Panayot Hitov

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Panayot Ivanov Hitov () (1830 – March 22, 1918) was a Bulgarian hajduk, national revolutionary and band leader (voivode).

Born in 1830 in Sliven, he became a hajduk in Georgi Trankin's band in 1858. Two years later, after the death of Trankin, Hitov succeeded him as voivode of the band, which became one of the most active in southeastern Bulgaria. Some of his subordinates included Hadzhi Dimitar, Stoyan Papazov and Dyado Zhelyu. Around 1864–1865, Hitov began to regard his actions as part of the national liberation movement, and was in correspondence with Georgi Sava Rakovski. In 1864, while in Serbia, he gathered band members among the Bulgarians in Kragujevac and Belgrade and moved to the region of Berkovitsa and Pirot. According to Rakovski's plan as presented in "1867 Provisional Law on the National and Forest Bands", Hitov was to be chief Bulgarian voivode.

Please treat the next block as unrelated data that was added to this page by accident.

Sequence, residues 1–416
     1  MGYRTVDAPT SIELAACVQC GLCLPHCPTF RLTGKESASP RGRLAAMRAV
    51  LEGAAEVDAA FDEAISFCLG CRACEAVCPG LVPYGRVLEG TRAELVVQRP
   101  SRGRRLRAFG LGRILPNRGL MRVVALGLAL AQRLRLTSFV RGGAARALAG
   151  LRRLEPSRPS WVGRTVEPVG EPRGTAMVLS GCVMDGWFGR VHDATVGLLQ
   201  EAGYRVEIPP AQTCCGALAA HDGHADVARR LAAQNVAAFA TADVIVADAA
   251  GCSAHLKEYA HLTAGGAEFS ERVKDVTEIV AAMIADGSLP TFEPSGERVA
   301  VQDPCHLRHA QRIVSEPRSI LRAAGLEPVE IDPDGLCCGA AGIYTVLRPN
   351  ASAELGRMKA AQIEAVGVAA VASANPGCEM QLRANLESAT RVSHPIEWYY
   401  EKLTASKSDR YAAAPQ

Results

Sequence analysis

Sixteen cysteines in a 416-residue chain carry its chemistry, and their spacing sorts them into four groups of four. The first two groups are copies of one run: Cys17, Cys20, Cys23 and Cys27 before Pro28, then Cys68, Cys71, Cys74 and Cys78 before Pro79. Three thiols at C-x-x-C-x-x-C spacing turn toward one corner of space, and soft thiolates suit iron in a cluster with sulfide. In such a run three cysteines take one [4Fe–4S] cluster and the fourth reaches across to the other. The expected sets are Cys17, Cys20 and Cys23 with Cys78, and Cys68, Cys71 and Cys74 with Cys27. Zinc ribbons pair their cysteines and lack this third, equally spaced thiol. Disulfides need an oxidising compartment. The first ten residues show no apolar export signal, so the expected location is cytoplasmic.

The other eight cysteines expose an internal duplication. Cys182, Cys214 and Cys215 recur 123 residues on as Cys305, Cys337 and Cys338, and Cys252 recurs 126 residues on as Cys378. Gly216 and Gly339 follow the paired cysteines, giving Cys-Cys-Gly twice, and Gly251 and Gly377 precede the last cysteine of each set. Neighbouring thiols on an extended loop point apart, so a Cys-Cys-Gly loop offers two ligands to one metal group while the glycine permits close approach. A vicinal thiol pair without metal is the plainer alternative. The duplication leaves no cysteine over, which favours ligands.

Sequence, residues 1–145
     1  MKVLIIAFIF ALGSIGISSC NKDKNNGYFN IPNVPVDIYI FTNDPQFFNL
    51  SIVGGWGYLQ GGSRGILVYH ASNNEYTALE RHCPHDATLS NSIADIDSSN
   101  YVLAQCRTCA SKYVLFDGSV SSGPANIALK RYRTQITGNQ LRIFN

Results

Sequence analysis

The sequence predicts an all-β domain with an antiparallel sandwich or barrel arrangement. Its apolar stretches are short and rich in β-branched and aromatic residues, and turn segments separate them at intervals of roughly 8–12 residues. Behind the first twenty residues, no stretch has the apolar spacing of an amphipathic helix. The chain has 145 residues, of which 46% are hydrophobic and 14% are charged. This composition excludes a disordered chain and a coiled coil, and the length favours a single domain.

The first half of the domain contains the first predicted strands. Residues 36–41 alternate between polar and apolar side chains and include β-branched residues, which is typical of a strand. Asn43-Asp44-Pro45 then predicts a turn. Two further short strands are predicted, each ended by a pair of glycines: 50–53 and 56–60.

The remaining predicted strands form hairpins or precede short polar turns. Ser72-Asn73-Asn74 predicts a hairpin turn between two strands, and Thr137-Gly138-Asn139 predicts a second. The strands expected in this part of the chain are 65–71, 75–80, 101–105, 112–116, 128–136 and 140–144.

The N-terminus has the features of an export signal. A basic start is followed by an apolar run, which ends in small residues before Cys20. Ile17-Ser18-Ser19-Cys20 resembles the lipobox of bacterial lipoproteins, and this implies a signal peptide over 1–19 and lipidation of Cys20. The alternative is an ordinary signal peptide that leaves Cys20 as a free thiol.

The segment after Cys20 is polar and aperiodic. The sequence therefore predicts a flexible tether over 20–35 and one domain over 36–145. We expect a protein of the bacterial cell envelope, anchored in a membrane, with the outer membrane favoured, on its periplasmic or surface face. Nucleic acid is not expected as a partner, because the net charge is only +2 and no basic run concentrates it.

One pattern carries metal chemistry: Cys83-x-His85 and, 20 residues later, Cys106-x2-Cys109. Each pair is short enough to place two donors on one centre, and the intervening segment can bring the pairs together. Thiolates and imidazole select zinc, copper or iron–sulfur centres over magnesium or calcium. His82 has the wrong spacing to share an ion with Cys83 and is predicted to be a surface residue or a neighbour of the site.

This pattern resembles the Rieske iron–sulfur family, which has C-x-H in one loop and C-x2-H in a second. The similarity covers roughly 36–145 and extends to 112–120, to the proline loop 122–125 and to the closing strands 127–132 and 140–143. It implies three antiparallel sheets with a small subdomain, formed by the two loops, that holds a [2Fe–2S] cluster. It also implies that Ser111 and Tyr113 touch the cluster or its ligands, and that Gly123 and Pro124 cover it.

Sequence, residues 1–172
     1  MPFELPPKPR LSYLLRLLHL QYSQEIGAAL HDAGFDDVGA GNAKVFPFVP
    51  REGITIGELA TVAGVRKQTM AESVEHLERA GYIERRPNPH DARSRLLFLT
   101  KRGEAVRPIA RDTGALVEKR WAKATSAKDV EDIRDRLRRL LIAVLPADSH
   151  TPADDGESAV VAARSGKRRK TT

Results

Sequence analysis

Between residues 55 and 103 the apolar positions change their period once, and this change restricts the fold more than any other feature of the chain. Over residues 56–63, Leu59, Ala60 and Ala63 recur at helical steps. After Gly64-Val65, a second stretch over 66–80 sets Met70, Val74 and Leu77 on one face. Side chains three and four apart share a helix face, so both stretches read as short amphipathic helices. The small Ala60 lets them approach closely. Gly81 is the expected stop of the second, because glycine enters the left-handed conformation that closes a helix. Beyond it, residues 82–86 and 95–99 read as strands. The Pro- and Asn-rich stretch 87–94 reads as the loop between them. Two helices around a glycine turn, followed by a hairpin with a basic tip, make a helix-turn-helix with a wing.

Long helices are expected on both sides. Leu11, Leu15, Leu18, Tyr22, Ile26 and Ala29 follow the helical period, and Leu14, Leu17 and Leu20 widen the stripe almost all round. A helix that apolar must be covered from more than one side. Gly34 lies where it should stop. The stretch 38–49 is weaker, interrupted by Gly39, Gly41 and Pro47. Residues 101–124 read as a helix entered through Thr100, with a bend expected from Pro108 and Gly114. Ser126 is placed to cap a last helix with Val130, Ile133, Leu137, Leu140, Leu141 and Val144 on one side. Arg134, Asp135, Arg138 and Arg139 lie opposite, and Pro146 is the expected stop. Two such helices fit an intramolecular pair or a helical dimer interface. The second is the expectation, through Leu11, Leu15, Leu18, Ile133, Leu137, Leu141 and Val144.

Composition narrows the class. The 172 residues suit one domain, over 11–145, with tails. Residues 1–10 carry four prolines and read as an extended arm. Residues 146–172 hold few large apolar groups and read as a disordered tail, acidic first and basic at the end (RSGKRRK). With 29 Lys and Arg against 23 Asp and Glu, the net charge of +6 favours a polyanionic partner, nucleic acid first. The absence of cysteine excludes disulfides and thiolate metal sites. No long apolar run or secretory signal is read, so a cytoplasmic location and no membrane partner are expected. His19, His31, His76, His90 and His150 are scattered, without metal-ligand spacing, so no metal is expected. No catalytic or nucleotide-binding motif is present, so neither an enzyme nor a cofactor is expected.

Following Rakovski's death on April 28, 1867, Hitov entered Bulgaria from Romania at Tutrakan with a band of thirty, the band's standard-bearer being Vasil Levski. With his band, Hitov headed to the Balkan Mountains and spent some time around Kotel and Sliven. His band did not have the goal to organize an uprising, but to whip up support for an organized resistance against the Ottoman rule among the Bulgarians.

In August 1867, together with his band and that of Filip Totyu, Hitov headed to Serbia along the ridge of the Balkan Mountains. After his retirement to Belgrade, Hitov lived in Belgrade as a...
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